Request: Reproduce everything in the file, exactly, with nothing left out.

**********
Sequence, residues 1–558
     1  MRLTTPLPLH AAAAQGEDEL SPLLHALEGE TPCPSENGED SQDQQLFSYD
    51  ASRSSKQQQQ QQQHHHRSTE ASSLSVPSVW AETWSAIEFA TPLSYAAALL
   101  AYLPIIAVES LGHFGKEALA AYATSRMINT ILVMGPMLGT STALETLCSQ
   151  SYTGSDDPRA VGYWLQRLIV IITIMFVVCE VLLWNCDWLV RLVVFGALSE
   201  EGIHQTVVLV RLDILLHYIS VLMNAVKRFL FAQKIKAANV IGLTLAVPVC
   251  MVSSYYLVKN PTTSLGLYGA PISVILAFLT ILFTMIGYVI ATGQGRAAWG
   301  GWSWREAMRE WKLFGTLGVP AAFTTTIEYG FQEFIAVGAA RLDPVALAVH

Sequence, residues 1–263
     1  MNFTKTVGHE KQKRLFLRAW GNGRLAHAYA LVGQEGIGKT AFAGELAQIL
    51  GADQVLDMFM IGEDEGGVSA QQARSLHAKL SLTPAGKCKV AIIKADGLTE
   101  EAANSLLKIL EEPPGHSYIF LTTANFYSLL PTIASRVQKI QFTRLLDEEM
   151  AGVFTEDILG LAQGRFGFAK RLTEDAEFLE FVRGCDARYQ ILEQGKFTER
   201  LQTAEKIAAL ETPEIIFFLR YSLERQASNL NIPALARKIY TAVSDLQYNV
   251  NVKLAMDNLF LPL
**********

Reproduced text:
Sequence, residues 1–558
     1  MRLTTPLPLH AAAAQGEDEL SPLLHALEGE TPCPSENGED SQDQQLFSYD
    51  ASRSSKQQQQ QQQHHHRSTE ASSLSVPSVW AETWSAIEFA TPLSYAAALL
   101  AYLPIIAVES LGHFGKEALA AYATSRMINT ILVMGPMLGT STALETLCSQ
   151  SYTGSDDPRA VGYWLQRLIV IITIMFVVCE VLLWNCDWLV RLVVFGALSE
   201  EGIHQTVVLV RLDILLHYIS VLMNAVKRFL FAQKIKAANV IGLTLAVPVC
   251  MVSSYYLVKN PTTSLGLYGA PISVILAFLT ILFTMIGYVI ATGQGRAAWG
   301  GWSWREAMRE WKLFGTLGVP AAFTTTIEYG FQEFIAVGAA RLDPVALAVH

Sequence, residues 1–263
     1  MNFTKTVGHE KQKRLFLRAW GNGRLAHAYA LVGQEGIGKT AFAGELAQIL
    51  GADQVLDMFM IGEDEGGVSA QQARSLHAKL SLTPAGKCKV AIIKADGLTE
   101  EAANSLLKIL EEPPGHSYIF LTTANFYSLL PTIASRVQKI QFTRLLDEEM
   151  AGVFTEDILG LAQGRFGFAK RLTEDAEFLE FVRGCDARYQ ILEQGKFTER
   201  LQTAEKIAAL ETPEIIFFLR YSLERQASNL NIPALARKIY TAVSDLQYNV
   251  NVKLAMDNLF LPL